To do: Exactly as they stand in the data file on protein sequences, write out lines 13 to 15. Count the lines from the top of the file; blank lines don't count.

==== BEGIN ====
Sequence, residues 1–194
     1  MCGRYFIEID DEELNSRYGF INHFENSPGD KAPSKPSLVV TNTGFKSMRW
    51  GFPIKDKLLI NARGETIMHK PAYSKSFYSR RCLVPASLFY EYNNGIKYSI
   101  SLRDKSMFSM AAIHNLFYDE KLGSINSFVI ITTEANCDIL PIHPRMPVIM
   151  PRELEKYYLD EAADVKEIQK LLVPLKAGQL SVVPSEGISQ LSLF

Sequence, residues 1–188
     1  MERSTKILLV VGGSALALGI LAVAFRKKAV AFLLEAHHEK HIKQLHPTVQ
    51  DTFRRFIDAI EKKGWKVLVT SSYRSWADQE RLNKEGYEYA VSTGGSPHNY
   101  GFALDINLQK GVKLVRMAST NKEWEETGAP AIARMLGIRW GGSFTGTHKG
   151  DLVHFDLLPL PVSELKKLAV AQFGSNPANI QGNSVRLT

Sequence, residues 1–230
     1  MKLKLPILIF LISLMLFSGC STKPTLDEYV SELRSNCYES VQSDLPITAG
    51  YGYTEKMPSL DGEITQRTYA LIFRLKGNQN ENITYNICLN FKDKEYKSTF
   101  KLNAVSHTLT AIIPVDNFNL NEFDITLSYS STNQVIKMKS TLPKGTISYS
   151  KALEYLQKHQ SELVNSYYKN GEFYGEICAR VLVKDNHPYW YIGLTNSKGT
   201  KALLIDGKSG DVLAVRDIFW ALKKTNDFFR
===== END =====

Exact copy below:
    51  YGYTEKMPSL DGEITQRTYA LIFRLKGNQN ENITYNICLN FKDKEYKSTF
   101  KLNAVSHTLT AIIPVDNFNL NEFDITLSYS STNQVIKMKS TLPKGTISYS
   151  KALEYLQKHQ SELVNSYYKN GEFYGEICAR VLVKDNHPYW YIGLTNSKGT